[8]. Tian J. P., Liao S and Wang J. (2010) Dynamical Analysis and Control Strategies in Modelling Cholera. PDF Downloaded from www.altavista.com

on 13-10-2011; 1-15

[9]. Yoon S. S. And Mekalanos J. J. (2006). 2,3-Butanediol Synthesis and the Emergence of the Vibrio Cholera El Tor Biotype. Infection and Immunity: American Society for Microbiology. 6547-6556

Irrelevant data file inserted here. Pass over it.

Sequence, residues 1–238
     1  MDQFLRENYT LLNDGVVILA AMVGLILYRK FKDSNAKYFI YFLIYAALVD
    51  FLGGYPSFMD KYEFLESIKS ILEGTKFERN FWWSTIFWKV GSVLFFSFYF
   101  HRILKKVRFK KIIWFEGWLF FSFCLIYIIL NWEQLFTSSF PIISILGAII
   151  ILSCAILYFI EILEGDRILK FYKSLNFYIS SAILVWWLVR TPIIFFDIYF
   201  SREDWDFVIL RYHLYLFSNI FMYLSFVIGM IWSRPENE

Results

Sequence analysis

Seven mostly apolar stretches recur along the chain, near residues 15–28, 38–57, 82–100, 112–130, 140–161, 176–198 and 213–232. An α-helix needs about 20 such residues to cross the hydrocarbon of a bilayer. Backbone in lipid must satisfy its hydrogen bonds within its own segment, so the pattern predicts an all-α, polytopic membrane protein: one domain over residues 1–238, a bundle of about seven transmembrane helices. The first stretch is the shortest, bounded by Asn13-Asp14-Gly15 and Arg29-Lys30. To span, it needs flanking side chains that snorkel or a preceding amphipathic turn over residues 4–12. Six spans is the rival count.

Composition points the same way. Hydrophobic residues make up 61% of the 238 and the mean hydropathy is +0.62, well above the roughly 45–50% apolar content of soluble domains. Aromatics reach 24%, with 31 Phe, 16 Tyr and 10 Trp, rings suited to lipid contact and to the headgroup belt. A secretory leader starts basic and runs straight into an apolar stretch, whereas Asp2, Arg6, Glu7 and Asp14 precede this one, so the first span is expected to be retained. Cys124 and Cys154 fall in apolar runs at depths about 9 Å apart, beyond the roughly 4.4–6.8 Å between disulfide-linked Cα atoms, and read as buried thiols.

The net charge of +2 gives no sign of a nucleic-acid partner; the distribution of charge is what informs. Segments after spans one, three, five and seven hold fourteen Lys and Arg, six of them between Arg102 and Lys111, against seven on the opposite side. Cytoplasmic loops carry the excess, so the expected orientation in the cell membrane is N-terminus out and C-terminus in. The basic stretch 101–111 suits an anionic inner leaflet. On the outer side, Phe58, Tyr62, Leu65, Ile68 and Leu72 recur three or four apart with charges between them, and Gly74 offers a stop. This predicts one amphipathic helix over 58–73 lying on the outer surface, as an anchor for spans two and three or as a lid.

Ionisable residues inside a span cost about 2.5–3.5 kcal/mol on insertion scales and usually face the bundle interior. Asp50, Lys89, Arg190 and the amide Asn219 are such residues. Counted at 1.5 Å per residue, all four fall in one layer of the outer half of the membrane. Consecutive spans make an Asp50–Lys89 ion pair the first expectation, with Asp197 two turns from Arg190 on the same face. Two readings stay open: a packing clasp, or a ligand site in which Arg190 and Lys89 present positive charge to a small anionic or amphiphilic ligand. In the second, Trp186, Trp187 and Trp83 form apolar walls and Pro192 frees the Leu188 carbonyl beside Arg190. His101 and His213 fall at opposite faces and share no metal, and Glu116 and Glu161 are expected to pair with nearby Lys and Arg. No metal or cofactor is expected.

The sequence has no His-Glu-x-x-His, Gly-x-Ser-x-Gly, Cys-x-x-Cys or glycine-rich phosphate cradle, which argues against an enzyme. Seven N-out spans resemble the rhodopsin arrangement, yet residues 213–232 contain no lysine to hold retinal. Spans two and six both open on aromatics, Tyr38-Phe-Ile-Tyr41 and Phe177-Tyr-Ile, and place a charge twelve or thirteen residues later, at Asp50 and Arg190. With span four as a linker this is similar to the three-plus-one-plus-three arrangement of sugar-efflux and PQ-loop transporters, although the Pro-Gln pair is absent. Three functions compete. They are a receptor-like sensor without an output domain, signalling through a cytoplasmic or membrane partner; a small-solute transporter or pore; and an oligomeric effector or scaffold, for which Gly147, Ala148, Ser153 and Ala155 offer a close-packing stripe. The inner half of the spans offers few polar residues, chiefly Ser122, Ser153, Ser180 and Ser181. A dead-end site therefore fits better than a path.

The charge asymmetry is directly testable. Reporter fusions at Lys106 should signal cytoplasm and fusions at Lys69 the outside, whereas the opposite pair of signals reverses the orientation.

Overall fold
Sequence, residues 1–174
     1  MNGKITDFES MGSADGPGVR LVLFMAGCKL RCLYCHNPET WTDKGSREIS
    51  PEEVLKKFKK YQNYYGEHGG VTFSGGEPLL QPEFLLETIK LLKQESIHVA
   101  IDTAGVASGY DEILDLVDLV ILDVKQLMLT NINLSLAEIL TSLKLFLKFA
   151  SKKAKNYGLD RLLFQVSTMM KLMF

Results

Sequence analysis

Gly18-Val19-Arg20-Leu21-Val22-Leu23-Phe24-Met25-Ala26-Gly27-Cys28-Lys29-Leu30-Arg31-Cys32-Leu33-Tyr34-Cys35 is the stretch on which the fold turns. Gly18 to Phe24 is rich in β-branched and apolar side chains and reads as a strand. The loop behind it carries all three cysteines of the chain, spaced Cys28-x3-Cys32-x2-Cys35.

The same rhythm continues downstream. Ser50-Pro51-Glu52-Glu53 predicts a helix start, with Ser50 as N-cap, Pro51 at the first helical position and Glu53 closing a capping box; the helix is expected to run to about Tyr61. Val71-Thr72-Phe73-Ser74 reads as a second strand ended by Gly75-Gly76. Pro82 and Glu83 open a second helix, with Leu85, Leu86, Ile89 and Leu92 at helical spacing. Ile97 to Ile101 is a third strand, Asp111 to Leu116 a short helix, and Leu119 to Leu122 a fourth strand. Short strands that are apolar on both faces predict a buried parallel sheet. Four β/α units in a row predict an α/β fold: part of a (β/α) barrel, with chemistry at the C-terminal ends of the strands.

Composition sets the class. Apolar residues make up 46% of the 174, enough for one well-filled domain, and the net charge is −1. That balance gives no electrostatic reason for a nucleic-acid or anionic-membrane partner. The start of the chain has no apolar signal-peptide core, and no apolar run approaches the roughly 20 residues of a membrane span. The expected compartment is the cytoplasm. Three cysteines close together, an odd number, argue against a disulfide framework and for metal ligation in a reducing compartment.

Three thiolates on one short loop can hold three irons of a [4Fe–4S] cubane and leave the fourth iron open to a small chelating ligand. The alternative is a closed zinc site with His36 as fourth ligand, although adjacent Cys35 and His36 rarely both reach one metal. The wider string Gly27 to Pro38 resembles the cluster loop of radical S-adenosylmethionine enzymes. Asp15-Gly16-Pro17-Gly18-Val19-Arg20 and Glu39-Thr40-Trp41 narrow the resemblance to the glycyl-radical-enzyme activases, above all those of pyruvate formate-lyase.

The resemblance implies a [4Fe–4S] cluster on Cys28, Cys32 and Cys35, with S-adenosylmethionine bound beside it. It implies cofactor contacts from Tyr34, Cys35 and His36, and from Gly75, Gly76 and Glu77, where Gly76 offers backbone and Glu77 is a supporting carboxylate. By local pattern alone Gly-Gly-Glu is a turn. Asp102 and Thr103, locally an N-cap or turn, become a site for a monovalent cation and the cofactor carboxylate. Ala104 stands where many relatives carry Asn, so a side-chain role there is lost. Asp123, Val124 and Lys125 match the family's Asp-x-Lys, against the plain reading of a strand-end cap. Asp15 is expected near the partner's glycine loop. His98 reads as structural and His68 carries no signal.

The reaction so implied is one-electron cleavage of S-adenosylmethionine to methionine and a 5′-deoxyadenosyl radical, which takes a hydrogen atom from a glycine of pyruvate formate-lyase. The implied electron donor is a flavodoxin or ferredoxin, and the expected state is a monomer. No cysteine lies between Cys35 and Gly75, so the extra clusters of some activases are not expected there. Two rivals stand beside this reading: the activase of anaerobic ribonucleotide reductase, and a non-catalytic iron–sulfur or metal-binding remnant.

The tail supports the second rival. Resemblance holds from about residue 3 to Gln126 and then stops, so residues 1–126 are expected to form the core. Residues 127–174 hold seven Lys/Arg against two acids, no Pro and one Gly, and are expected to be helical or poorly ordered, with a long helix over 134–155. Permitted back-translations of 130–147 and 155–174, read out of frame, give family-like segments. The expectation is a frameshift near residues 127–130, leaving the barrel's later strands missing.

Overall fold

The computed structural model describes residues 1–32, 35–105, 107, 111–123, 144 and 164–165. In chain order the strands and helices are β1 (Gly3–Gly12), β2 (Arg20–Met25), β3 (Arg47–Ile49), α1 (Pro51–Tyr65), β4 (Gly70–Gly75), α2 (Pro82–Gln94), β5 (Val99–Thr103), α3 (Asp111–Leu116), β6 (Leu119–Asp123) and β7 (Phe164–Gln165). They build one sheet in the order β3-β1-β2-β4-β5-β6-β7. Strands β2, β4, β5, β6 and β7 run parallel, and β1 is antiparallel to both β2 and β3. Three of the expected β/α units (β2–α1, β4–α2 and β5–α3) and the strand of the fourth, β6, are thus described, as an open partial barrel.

Figure 1.. Describing Ro < 1, the infection is zero,

Ro = 1, turning point,

Ro > 1, there will be outbreak

Figure 2.. Describing amount of vibrios cholerae that when ingested can cause the corresponding probability of catching

cholera disease.
















Ro<1, Ro=1 and Ro>1.











Stability state of the system

1 10 100 1000 10000 100000 1000000 10000000 100000000 0

0.1 0.2 0.3 0.4 0.5 0.6 0.7 0.8 0.9 1

Amount of vibrios cholerae
























Figure 1.. Describing Ro < 1, the infection is zero, R Ro<1,  Ro=1 and  Ro>1. = 1, turning point,